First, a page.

County ready to tangle with state, Jacob says
More than thirty Ramona citizens gathered for coffee with Supervisor Dianne Jacob at the Guy B. Woodward Museum last week. Saying that the recent news reports of a code enforcement action against a Bonita pastor for holding weekly Bible studies in his home was “outrageous” and that she’d “get it ironed out,” Jacob proceeded with her agenda for the morning.
At the top of the list was a report on the economic crisis at the state level, which is going to impact the county. San Diego County gets about 60 percent of its revenues from the state, primarily for Health & Human Services programs. Children and the elderly are going to suffer the worst impacts of state budget mismanagement, said Jacob. At county budget meetings two weeks ago, the supervisors were faced with a significant shortfall and the elimination of more than 700 positions.
The county enjoys a Triple A credit rating, which means that, not only can it borrow money if necessary, it can borrow it at a lower interest rate. Jacob reminded the group that 10 years ago the county was on the brink of bankruptcy. Only through a major fiscal overhaul by going to a zero-based budgeting process was the crisis averted, she said.
Zero-based budgeting (ZBB) is a method of budgeting in which all expenses must be justified for each new period. Zero-based budgeting starts from a “zero base” and every function within an organization is analyzed for its need and cost, almost as though the organization does not currently exist and is justifying its reason for being. Budgets are then built around what is definitely needed for the upcoming period, regardless of whether the budget is higher or lower than the previous one.
ZBB allows top-level strategic goals to be implemented into the budgeting process by tying them to specific functional areas of the organization. Through this process 10 years ago, the Board of Supervisors made public safety the priority, outsourced some functions to private industry to save money, and established an adequate reserve account to handle emergencies.
The supervisors are positioning themselves to resist expected attempts from the state to deplete the county coffers. Blasting the state legislators for their budgeting gimmicks and continued spending spree, Jacob urged Ramonans to demand that their state representatives reorder priorities, cut the budget from the top, and make public safety a chief concern. She said it should be unacceptable to let criminals out of jail and cut funding to CalFire. Even though revenues in California have gone up, the continued spending has put California $40 billion dollars in debt.
“It is going to be very, very interesting,” she commented.
In the late 1980s and early ‘90s when the state was in a budget crunch, they came after money from the cities and counties. Now the supervisors are prepared to put the state legislators on the spot in much the same way as they did back then. Legislation proposing cuts to county funding and assessments against county revenues will be posted on the county Web site, and each state legislator’s vote on them will be documented.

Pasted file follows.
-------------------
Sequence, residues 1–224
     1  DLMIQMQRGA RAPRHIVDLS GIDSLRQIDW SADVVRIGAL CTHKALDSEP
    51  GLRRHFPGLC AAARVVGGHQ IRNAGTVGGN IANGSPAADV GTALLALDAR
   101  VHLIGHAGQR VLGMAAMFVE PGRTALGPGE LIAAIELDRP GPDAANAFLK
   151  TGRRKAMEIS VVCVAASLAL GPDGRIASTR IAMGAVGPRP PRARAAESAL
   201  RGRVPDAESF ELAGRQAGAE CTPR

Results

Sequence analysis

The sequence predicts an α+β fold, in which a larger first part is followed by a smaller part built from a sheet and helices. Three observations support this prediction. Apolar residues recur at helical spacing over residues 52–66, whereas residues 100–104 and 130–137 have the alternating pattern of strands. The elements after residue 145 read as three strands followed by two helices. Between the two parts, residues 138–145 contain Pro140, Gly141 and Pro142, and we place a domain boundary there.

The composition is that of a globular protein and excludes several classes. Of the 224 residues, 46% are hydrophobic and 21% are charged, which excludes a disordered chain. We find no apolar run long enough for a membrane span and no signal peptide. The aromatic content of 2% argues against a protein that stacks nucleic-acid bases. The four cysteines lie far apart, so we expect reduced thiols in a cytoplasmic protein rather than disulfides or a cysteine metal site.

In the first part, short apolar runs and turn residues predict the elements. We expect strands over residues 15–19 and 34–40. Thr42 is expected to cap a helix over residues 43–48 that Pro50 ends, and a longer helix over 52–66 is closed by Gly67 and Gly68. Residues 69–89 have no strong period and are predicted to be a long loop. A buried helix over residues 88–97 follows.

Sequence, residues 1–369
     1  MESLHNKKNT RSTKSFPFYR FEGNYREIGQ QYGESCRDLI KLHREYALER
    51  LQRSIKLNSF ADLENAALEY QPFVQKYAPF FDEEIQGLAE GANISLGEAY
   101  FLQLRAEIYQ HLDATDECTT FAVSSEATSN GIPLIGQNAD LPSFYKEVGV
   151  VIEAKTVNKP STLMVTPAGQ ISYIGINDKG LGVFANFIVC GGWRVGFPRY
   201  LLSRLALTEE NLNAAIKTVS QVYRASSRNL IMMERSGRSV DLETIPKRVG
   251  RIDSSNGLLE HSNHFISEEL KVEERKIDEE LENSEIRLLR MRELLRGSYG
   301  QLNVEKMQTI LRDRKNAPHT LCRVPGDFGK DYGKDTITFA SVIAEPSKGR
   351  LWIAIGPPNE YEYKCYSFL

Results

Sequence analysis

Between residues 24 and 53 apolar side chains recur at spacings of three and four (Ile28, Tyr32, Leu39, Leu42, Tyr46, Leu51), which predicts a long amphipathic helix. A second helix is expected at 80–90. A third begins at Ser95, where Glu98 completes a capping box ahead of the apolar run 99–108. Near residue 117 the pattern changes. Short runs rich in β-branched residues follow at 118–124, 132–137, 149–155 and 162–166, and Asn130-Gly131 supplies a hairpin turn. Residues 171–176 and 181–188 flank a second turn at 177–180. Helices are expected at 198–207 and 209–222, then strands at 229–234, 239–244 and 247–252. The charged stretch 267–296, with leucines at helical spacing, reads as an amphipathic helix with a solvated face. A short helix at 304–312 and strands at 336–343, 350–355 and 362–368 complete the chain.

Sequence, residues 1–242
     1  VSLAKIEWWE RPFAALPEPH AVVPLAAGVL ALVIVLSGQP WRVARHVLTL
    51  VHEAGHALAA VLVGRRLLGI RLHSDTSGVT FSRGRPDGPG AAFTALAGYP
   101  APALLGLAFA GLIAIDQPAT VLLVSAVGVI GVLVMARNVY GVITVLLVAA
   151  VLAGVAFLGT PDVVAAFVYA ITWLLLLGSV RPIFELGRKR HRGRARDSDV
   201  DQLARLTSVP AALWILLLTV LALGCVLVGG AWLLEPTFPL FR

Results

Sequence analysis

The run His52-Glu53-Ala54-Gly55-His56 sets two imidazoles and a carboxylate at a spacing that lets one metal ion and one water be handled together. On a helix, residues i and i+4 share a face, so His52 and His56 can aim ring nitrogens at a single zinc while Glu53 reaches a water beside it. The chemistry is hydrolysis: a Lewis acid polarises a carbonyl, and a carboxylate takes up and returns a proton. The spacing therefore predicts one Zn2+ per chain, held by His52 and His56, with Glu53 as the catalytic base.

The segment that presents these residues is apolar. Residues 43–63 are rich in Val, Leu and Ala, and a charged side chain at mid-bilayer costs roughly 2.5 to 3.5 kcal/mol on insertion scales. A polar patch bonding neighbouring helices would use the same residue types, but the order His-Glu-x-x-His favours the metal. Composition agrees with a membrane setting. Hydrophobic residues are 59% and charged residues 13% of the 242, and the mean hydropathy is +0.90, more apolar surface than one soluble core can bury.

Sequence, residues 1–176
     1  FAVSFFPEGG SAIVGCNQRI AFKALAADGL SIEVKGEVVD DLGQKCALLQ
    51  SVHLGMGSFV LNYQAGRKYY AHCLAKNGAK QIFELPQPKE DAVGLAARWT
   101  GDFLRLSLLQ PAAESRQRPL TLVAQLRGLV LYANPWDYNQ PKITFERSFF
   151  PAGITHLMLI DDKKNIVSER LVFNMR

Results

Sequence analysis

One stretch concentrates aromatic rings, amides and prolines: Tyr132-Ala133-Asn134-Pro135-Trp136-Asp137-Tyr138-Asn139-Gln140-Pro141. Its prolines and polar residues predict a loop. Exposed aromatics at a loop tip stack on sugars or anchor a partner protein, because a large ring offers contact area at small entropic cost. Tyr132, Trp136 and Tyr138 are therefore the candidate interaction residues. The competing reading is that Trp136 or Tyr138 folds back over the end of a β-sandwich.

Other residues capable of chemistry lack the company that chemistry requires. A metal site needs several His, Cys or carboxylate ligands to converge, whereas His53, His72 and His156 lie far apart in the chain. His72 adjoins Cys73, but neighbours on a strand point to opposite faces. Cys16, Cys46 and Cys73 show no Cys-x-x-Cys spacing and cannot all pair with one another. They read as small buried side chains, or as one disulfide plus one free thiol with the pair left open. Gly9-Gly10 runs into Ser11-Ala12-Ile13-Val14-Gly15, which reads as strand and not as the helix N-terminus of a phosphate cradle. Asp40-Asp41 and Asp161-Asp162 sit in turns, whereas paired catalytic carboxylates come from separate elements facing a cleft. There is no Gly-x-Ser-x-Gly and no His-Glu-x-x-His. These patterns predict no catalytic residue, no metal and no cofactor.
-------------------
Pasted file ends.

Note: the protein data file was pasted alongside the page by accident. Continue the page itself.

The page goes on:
Citizens of the county need to be involved, monitor the site and call their representatives to task, said Jacob. Compounding the problem is the fact that the state mandates programs to be carried out by the counties, but then doesn’t provide a funding mechanism.
“The fight is on,” the supervisor said.
On another topic, Jacob reported that she recently did a ride-along with the California Highway Patrol on Highway 67 and experienced first hand a distracted driver who crossed the double yellow line into the lane in which the patrol car was driving.
Inattentiveness and speeding are the major causes of accidents in the Highway 67 corridor, she said. One audience members asked, “How many people killed is too many?”
Mark Baker of the Light of the Lamb Ministry in Ramona said the agencies need to know that these are not just numbers of people killed which is bad enough, but the compounding devastating and permanent affects of small children being deprived of mothers, and families losing a bread-winner.
Using the-squeaky-wheel-gets-the-grease theory, Jacob called for the formation of a Ramona citizens group to work with Caltrans and to put pressure on other agencies to effect quick changes. A dozen hands were raised by people in the room volunteering to try to solve the Highway 67 problem. She thanked citizens who had written letters expressing concern and disappointment that center median barriers had not been installed during recent so-called improvements to the highway. Her office forwarded those letters to Caltrans.
Other transportation issues covered during the session included updates on five projects moving forward, which are the Dye Road extension, 13th Street, the southern bypass, San Vicente Road and the Ramona Street extension.
Other business discussed last Thursday morning included the county’s transportation impact fees and their effect on commercial and other economic development in town, and an update on firefighting resources in place for this fire season.
- Jacob opposes road funds going to transit
- County sues state for money
- Facing budget ‘triple whammy,’ county considers outsourcing
- Economy paints bleak picture for county
- County, facing budget ‘triple whammy,’ investigates outsourcing
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